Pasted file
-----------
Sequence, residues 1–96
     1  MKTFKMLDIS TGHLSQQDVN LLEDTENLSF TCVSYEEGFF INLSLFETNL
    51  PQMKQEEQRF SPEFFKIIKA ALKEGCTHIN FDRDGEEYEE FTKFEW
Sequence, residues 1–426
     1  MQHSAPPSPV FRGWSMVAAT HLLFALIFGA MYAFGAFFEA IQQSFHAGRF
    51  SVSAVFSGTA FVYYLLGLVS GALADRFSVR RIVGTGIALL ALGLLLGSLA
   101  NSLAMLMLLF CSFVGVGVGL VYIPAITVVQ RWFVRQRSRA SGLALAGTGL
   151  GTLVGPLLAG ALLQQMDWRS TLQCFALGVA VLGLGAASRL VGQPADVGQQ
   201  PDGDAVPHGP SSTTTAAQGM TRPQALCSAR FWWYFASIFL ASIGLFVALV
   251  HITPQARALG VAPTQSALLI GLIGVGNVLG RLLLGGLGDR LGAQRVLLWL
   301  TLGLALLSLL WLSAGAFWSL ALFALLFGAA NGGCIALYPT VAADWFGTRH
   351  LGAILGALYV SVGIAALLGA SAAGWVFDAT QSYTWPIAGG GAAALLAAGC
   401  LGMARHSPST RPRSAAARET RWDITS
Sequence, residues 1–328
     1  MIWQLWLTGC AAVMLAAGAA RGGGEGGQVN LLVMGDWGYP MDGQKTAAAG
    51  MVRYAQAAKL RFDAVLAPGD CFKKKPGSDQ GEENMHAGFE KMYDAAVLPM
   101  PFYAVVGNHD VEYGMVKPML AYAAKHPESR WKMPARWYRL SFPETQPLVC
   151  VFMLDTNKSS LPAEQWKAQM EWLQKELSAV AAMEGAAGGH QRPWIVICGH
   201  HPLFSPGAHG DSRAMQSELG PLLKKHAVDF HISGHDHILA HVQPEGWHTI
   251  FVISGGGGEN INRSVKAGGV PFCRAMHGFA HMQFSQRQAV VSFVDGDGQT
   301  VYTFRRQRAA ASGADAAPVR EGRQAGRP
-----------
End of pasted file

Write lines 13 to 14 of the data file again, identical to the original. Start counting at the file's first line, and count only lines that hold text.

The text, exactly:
   401  LGMARHSPST RPRSAAARET RWDITS
Sequence, residues 1–328